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HEALING BY TAKING CARE OF THE LAND1
In this essay, originally published in French in the Journal Multitudes N°77 (winter 2019) and translated by Kenneth Hurry, Barbara Glowczewski shows how Indigenous peoples in Australia or French Guiana reinvest their traditional medicinal knowledge and re-elaborate healing rituals to take care of their people and their land. This is also the case in Europe, where rites for well-being and relinking with the earth are reinvented through music and dance, for example in festivals of shamanism as well as in the Zones to Occupy (ZAD) as contemporary attempts to re-enchant people’s ways of living.
“In times past, shamans would meet to drink cachiri2 and in their dreams seek an answer from the spirits”, says Victor, an old Kali’na, as we were talking about the increasing anxiety of specialists at the silting up and growth of mangroves which, year after year, erode the beaches of Guiana, stopping the lute turtles from laying their eggs, and the fishermen from going out in their boats anywhere close to their villages. Erosion and the mud-bank that has already swallowed the sand of the village of Awala near the mouth of the River Mana are now threatening the sand beach of the estuary of Haut Maroni, where the houses of Yalimapo stand. The migration of mud-banks on the Guianan coastline, having also covered the beaches of Cayenne, is the most significant worldwide. According to the mayor of the township of Awala-Yalimapo, Jean-Paul Fereira, his Kali’na people will adapt to these geological transformations just as they have to the five centuries of French, Dutch, Portuguese or British colonisation, which caused the genocide of twenty-eight other Native American peoples who lived in this immense area (now the French Department of Guiana) and the lands bordering on Surinam and Brazil. One condition, however, is needed for this adaptation: the Kali’nas must be able to take back control of their lands and decide their own way of life. An initial restitution of 40,000 hectares has already taken place (December 2000) in the township of Bellevue.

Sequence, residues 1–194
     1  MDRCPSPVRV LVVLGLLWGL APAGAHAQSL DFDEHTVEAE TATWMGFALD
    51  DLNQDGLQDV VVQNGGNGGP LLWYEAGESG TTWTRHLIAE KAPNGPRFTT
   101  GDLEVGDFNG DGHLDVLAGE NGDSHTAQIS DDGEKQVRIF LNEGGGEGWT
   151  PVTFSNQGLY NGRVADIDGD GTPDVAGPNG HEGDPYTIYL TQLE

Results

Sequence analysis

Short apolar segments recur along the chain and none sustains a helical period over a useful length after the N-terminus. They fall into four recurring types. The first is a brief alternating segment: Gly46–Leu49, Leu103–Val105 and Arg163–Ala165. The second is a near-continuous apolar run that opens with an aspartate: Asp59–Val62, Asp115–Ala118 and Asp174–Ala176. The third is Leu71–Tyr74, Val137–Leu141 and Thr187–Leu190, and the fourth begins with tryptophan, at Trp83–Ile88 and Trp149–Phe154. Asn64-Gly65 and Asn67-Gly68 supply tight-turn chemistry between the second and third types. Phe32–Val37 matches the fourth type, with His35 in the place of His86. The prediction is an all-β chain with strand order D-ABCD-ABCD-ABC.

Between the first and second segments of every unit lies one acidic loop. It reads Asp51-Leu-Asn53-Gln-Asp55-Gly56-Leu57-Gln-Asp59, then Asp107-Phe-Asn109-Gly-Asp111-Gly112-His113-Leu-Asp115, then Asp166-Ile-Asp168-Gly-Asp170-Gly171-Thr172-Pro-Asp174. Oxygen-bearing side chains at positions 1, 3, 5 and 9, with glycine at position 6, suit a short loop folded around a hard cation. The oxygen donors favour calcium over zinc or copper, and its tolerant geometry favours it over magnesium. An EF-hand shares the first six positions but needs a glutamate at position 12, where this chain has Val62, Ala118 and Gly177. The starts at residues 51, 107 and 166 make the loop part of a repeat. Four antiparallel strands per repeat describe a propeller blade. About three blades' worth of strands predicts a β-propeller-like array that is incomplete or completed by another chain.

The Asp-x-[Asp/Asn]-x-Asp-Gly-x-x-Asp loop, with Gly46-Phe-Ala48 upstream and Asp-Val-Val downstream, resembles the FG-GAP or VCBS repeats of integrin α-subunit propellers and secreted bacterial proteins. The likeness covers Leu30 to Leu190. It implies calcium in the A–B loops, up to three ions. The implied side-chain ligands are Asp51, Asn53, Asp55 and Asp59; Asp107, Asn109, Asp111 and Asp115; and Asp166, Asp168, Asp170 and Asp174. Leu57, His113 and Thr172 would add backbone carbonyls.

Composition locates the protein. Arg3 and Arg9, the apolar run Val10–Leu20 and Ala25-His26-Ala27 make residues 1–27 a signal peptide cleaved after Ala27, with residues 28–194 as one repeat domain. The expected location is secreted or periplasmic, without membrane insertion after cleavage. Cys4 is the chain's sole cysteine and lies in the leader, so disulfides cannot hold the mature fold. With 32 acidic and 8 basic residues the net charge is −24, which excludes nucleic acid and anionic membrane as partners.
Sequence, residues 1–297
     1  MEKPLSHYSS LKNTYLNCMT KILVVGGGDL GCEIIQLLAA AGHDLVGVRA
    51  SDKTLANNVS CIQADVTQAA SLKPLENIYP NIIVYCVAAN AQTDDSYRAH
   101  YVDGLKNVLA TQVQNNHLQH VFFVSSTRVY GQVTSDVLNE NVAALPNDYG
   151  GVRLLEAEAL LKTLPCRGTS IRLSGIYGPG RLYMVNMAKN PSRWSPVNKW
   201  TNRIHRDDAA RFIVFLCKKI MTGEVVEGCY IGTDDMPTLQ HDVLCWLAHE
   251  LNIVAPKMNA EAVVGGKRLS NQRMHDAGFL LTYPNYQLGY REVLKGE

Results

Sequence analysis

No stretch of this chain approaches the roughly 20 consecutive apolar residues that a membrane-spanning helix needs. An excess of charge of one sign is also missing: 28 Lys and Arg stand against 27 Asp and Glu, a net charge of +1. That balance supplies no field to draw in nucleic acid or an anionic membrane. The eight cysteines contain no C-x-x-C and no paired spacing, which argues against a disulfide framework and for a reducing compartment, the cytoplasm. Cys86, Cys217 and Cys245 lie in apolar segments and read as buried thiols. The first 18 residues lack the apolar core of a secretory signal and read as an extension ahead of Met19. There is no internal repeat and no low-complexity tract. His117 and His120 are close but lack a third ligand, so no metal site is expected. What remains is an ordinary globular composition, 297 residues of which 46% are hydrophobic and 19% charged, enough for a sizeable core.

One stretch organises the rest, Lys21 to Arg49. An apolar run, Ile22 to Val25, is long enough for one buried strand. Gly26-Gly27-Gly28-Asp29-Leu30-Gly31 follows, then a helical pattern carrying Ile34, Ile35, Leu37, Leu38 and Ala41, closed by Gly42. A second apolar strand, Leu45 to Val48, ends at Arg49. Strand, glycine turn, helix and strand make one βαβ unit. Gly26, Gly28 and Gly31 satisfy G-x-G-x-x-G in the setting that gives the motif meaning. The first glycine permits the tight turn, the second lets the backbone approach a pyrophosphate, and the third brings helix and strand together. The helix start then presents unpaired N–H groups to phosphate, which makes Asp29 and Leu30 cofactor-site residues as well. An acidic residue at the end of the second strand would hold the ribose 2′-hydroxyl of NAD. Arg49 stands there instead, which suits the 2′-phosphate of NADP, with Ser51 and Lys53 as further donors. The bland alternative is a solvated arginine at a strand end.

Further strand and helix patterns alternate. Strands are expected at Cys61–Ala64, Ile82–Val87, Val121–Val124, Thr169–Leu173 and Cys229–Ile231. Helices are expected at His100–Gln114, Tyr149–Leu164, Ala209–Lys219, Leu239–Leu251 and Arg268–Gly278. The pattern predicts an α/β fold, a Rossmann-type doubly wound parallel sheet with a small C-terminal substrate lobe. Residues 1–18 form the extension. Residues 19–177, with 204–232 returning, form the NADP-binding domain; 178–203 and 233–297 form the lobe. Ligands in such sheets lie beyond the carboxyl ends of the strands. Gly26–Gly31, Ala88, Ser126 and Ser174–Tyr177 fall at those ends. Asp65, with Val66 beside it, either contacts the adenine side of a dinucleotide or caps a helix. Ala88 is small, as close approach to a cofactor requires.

Transplanetary Shamanic Knowledge
Victor remembers the time when, before his stroke, he used to work with five shamans: “We were strong then”. Over the last few years, a movement for the cultural renewal of the Kali’na people has successfully relaunched the half-forgotten sounding of shamanic drums (sampula) accompanied by singing, with men and women dancing in a circle for hours. Clubs of players, including all generations, have multiplied in the villages. I asked Victor whether the former Kali’na shamans had any younger successors. He told me it was too difficult to become a shaman nowadays. The efficacy of the earlier shamans was based on sacrifice and isolation, essential for communicating with the spirits, and this was no longer available.
With Victor, I mentioned the three Kali’na men – two of whom over sixty and one younger one – who had taken part in the Festival of Shamanism and ancient traditions at Genac in South-Western France in 2017. “That was different”, he replied, “They talk and play their drums, but real shamans are silent and only act in their own community”. The fact remains that, at Genac, when the three Kali’na men played their sampulas and chanted for the guest healers from other countries, three Aboriginal women from Australia – to whom they had shown their dance-steps in the holiday cottage shared by both delegations – grabbed the hands of the members of other delegations to form a great dance circle. Native Americans from the plains, from Brazil and Colombia danced in a circle with shamans from Mongolia and Siberia. I gave my hand to an Aka Pygmy man from Congo who, with members of other delegations, started singing the words in Kali’na. The participants exulted with joy, transported by sharing their particularities, affirming something about their common world in which the human being is not the centre of the universe, but cohabits with the spirits of the Earth, communicating in different ways with non-humans, animals, plants, water, air, fire and stars. Later on, hundreds of workshops welcomed for four days in tents set in a muddy field, some six thousand visitors. Enthusiastic or sceptic, the visitors kept asking how to recover what all these healers still have that they, in France, once had, but had lost.